Uncovering wealth chains
The STEAL project has one main goal and four sub-goals. Its primary goal is to identify the global wealth chains and describe how they work in the interplay between international companies, tax havens and developing countries. Afterwards, the researchers will carry out a complete tax analysis of the cash flows in the global wealth chains and explore the connections between developing countries and tax havens. They will also analyse the potential effect of statutory regulation on tax havens and developing countries.
The main players in the global wealth chains are global industrial giants and tax havens. They are helped by the world's biggest international commercial banks, the most powerful international accounting and auditing firms, and a handful powerful law firms. What they have in common is that they want as little openness and transparency as possible. Consequently, access to open sources of information is therefore limited. Those tax havens that make money from serving as a postal address for the companies have adapted their legislation to prevent the rest of the world from gaining insight and to ensure that those engaged in global trade have maximum freedom of manoeuvre.
Seabrooke is assisted by a broadly composed international team of researchers. Virot Ali of Thammasat University in Thailand is looking at Singapore's role in global wealth chains. Don Marshall at the University of West Indies in Barbados is looking more closely at how tax havens operate, while Attiya Waris of the University of Nairobi in Kenya is studying tax evasion mechanisms in developing countries. In all, 14 researchers from Asia, Europe, Africa, Oceania and America are participating in the project.
In order to gain access to information, the researchers use both open and closed information channels. Seabrooke and his colleague Duncan Wigan, Assistant Professor at Copenhagen Business School, are developing theoretical models for global wealth chains and mapping their structures and connections. They are also looking at the methods used to transfer and conceal assets to evade taxation. The research team is collecting and analysing quantitative data and interviewing key players on the international financial arena.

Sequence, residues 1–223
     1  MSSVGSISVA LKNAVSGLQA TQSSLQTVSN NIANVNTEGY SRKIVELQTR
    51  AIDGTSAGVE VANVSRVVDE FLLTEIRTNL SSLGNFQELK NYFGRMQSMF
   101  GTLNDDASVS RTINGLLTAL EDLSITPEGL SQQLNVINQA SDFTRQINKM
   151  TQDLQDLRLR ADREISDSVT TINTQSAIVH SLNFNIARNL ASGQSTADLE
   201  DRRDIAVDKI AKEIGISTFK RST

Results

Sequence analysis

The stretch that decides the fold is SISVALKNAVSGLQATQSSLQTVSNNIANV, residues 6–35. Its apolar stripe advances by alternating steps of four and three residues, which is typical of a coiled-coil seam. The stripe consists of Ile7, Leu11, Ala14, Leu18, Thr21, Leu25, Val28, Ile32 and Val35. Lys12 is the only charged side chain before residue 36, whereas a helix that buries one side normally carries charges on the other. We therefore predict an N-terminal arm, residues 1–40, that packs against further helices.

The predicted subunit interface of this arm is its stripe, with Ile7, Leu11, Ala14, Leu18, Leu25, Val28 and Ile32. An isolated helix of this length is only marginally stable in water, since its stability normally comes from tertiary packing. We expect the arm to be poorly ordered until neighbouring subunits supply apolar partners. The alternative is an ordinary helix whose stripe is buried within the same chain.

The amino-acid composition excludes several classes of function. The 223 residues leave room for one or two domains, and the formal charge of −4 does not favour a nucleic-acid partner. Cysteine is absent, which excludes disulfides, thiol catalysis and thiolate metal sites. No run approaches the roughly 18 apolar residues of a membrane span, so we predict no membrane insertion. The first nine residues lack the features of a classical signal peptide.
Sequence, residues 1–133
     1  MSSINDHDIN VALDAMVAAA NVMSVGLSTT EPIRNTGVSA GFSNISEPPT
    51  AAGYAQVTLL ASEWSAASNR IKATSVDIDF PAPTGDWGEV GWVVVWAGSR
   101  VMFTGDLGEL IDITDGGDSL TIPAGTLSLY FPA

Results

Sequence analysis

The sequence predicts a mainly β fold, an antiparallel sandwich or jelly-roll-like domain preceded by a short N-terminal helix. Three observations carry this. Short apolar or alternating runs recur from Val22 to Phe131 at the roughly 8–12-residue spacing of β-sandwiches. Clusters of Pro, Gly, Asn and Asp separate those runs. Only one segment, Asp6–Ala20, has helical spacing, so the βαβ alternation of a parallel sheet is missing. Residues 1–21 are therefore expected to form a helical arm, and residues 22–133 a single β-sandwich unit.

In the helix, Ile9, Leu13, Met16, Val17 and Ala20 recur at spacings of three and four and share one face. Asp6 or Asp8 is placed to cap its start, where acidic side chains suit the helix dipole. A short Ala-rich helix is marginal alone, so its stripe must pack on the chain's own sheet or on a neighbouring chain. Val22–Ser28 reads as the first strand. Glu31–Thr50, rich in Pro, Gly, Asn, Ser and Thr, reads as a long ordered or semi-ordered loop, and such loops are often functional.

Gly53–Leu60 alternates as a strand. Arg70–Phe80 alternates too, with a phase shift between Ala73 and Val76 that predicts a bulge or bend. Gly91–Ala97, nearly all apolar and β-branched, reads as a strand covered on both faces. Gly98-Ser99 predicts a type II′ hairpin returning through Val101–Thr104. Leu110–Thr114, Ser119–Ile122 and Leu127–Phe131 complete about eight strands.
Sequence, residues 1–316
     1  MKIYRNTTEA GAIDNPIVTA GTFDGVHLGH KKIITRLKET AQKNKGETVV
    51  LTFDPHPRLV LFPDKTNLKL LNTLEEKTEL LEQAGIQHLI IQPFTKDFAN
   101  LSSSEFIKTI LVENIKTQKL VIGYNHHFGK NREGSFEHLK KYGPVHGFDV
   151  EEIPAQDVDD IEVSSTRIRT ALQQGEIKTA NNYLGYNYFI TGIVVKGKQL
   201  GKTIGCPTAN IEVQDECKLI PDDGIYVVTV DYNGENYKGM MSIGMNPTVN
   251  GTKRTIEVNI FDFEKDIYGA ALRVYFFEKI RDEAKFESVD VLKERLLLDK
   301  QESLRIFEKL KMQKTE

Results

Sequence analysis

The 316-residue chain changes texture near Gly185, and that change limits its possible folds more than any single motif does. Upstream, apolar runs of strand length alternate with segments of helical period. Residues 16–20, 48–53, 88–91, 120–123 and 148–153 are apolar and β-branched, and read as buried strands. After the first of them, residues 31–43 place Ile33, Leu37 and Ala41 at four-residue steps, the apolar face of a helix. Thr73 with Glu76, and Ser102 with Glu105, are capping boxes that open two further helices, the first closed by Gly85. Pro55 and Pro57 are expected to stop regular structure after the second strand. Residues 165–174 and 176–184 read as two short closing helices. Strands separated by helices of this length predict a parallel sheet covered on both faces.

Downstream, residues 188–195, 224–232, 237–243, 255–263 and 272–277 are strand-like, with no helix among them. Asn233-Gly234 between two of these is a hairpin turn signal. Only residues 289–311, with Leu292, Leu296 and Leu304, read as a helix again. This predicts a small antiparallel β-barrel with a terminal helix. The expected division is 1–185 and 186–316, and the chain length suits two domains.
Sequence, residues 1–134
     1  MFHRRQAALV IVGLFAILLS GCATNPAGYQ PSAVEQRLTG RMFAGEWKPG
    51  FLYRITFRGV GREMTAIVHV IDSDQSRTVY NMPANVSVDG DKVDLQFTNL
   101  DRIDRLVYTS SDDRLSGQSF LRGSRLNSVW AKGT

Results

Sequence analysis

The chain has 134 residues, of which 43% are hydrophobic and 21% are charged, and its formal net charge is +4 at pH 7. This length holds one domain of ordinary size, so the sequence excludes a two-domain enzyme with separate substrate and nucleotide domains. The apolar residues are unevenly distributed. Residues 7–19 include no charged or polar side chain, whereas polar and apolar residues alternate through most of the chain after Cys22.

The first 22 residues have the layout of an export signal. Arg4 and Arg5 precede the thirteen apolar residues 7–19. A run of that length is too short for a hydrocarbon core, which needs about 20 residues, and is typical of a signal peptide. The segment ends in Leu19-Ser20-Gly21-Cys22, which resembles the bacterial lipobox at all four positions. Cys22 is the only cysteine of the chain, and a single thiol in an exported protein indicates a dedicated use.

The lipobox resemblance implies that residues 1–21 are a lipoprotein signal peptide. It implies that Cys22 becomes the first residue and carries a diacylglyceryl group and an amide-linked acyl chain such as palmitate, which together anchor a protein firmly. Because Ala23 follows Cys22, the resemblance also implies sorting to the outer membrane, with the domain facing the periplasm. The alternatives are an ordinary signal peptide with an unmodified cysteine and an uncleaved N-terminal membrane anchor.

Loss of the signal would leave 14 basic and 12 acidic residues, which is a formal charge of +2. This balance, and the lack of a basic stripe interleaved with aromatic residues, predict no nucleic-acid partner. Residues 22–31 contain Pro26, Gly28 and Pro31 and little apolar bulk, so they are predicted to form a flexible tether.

Seabrooke also says that they are using unorthodox methods to gain access to information.
'We have a researcher on our team who assumes different identities when he contacts international trade players by email. By posing as a businessman, for example, he can be offered a chance to take part in tax evasion. This gives us insight into the methods that are used. Our research shows that many people are willing to circumvent the law on behalf of their clients. They can just as easily work in the City of London or New York as Nairobi in Kenya. Economic crime in global wealth chains takes place in both industrialised and developing countries,' says Seabrooke.
The STEAL project started in 2012 and will run until the end of 2015. Seabrooke and Wigan say that new knowledge about how global wealth chains operate is essential if we are to close the legal gaps in international tax policies and achieve a fairer distribution of value creation.
'Politicians need the best possible basis for developing effective laws that ensure that multinational companies are subject to reasonable taxation. Our job is not to propose new legislation but to develop a good factual basis,' says Seabrooke.